The Affordable Care Act stipulated coverage and essential health benefit mandates which increased the cost of plans because few 2013 plans met the standards (See our InfoStat for further information). Thus, a common method many insurance companies used to keep premium prices low on exchanges was to substantially reduce the network size of hospitals and physicians. In recent years narrow networks have become more popular.
A narrow network applies to any health insurance plan that limits the doctors and hospitals that are available to their beneficiaries. Generally plans do not cover medical services obtained out-of-network or they will charge higher copayments or higher coinsurance rates. Some plans have exceptions for medical services obtained out-of-network if they were related to emergencies.
It remains to be seen the long-term impact of narrow networks, especially as they continue to spread to small group plans, private exchanges, Medicare, and Medicaid plans. Regarding the impact on hospitals, hospital officials are concerned, saying network exclusion negatively impacts patient referrals and volume, while increasing costs. Some claim that unless their hospital agrees to significantly lower reimbursements, insurers will exclude them from plan networks.1
A poll conducted in February indicated that overall the majority of consumers preferred broad-network plans that are more expensive over cheaper narrow-network plans. However, the opposite results were found for potential Obamacare exchange consumers.2
In order to minimize out-of-pocket costs as a consumer, you should always check to see if your primary care physician or specialists are within your plan's network in the event you change plans or renew your plan. HealthPocket offers a tool which helps you find plans accepted by your doctor but it is always recommended to ask your doctor(s) whether or not they accept a health insurance plan before you enroll if you wish to remain under their care. It is also important to remember that not all doctors working in the same hospital are necessarily in the same network so you should inquire before any medical services have been received.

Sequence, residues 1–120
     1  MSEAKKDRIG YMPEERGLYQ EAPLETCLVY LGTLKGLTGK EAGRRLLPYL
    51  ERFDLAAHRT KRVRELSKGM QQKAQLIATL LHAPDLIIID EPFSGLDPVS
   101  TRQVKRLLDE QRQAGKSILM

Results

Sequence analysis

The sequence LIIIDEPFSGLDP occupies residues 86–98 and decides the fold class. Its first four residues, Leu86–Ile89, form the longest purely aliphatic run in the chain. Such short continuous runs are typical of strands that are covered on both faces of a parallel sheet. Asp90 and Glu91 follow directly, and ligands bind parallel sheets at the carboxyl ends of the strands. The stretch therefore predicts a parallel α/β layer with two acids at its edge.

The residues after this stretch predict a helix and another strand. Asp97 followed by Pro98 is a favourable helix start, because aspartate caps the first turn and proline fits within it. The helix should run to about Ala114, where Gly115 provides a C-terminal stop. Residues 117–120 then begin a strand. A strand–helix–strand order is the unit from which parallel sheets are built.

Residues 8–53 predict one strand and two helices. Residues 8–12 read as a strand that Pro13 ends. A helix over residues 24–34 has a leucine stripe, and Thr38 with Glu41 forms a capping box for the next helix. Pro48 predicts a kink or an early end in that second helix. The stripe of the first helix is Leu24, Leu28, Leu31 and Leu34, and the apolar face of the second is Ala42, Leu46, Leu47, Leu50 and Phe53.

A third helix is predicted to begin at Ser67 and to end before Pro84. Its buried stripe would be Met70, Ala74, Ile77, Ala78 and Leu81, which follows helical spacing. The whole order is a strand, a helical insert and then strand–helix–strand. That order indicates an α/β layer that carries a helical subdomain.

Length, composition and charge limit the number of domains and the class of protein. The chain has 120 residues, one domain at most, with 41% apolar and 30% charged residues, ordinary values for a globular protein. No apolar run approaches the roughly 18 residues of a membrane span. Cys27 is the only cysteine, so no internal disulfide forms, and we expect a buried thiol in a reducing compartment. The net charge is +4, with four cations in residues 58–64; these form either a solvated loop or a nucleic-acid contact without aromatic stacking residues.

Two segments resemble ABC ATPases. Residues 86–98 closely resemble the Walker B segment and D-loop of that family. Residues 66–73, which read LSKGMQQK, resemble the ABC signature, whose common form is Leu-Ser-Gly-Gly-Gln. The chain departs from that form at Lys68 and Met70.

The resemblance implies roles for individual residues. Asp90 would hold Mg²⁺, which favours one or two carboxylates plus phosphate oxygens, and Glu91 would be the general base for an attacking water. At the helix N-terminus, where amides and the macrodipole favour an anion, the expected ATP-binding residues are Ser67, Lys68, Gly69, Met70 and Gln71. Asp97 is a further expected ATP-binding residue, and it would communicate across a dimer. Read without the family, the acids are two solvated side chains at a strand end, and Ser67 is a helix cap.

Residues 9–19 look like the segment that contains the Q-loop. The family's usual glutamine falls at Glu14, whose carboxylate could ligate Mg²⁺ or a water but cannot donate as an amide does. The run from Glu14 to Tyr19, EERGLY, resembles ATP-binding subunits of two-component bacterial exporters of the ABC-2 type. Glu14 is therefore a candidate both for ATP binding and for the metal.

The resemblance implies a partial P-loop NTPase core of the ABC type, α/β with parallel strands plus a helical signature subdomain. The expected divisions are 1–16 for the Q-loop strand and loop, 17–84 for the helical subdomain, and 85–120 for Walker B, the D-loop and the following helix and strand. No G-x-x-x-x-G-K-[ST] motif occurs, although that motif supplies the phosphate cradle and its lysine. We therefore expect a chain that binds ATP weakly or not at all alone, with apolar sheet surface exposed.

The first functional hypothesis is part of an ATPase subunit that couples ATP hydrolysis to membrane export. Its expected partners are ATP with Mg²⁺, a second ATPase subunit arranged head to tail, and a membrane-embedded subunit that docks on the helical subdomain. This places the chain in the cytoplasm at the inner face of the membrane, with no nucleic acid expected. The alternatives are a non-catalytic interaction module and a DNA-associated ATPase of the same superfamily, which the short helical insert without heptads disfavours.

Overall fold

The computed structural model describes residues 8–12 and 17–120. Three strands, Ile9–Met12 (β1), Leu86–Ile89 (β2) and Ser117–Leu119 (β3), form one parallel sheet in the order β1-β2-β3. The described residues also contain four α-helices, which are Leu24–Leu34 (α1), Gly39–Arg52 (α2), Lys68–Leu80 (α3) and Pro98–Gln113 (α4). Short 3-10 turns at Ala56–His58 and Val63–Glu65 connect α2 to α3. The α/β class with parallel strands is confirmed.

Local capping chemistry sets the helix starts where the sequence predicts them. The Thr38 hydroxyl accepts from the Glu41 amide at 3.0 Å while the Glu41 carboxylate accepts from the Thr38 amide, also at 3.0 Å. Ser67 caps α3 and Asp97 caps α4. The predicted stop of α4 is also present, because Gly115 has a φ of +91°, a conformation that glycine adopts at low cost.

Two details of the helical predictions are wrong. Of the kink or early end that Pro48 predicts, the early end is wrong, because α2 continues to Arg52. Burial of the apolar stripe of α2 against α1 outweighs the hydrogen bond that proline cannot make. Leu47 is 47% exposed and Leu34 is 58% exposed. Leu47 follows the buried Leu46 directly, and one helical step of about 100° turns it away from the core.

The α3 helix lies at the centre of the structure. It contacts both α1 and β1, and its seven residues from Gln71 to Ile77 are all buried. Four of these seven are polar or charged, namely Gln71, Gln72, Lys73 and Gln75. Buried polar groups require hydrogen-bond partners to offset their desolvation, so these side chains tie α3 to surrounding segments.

Prompted by patient advocates, Federal officials are currently examining health plans to make sure consumers have "reasonable access" to health care in 2015.3
Federal officials recently announced new rules that would protect seniors when insurers make significant network reductions. These new rules to protect seniors were spurred by UnitedHealthcare's decision this past fall to reduce the number of doctors that provide services to seniors enrolled in Medicare Advantage plans in CT. The new rules which go into effect next year require insurers to give CMS at least 90 days advance notice and beneficiaries at least 30 days advance notice if their network was changed significantly. A concern of patient advocates is that what qualifies as "significant" will be determined by the insurer. Additionally, insurance companies must provide information about options in the event a provider decides to leave their plan. Some Medicare Advantage members will also be granted special enrollment periods that allow them to either change their plan or return to the traditional Medicare program if their current Medicare Advantage program reduced its networks.4
1 Gearon, Christopher J. Hospitals Get the Squeeze from Insurers' Narrow Networks. (April 10, 2014) USNews.
2 Hamel, Liz; Firth, Jamie; Brodie, Mollyann. Kaiser Health Tracking Poll: February 2014. (February 26, 2014). Kaiser Family Foundation.
3 Pear, Robert. White House Tightens Health Plan's Standards After Consumers Complain. (March 14, 2014). New York Times.
4 Jaffe, Susan. Feds Issue Rules To Protect Seniors Enrolled In Medicare Advantage Plans. (April 8, 2014). The Courant.
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